Brett Westwood goes fishing. Why is the carp king? Dexter Petley author of 'Love, Madness, Fishing' knows some answers. He went to live in a yurt in Normandy in order to spend his life carp fishing. From there and a nearby water he brings us his tales of the river bank. Carp fishing is now a very high-tech pastime. Electronic bite detectors and gourmet bait balls are part of the business but an older intimacy with the carp is still crucial to land a fish; the angler must know how to read the water and track its hidden denizens. Meanwhile the Natural History Museum's Oliver Crimmen, Japanese art expert Timon Screech, Steve Varcoe from Aron's Jewish Delicatessen and anthropologist Desmond Morris discuss why various cultures continue to value the fish with a face that only a mother could love. Readings by Anton Lesser. Producer: Tim Dee.
Oliver is the lead curator for the Natural History Museum’s fish collection. He is responsible for the maintenance and enhancement of the collection and is a spokesperson for PR and media activity surrounding it.
Oliver started at the Museum in 1993 as a Higher Scientific Officer, before becoming Curator in 1996.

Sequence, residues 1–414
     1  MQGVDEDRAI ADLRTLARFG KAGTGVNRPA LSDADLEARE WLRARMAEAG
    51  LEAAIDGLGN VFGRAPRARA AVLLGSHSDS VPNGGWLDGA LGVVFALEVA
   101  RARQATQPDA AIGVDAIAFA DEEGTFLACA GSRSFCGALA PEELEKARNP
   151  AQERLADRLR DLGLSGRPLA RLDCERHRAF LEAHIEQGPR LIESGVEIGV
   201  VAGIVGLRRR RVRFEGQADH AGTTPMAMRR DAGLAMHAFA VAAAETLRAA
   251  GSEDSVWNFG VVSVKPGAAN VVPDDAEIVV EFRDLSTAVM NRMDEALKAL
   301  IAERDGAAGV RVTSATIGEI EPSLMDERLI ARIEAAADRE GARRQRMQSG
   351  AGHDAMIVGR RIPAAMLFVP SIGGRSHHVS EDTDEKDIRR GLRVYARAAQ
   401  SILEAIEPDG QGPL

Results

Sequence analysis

He is a member of the British Record Fish Committee, which is responsible for ratifying British marine identifications and the Food Standards Agency’s Fish Expert Group.
Dexter Petley is a novelist and angler and lives in a caravan in Normandy, where he divides his time between catching carp and writing. His most recent book is a memoir called Love, Madness, Fishing about his time growing up in 60’s and 70’s Kent and Sussex.
Timon Screech is Professor of the History of Art at SOAS, University of London. He has also taught at numerous universities including Chicago, Heidelberg, Meiji and Waseda. He is an expert on the art and culture of the Edo Period, including its international dimension, and has published some dozen books on the subject.
His best-known work is probably Sex and the Floating World, a study of erotica, and he has recently competed a field-defining overview of the Edo arts, Obtaining Images. His work has been translated into French, Japanese, Korean, Polish and Romanian. He is currently completing a book of the use of art in the early sailings of the East India Company.
Stephen Varcoe grew up in London where eventually he found himself working in the advertising industry. He moved to Budapest in 1996 where he lived and worked until 2013. Upon returning to the UK with his wife Marta Aron he became the joint proprietor of Aron's Jewish Delicatessen in Bristol. They have one little girl and two large dogs.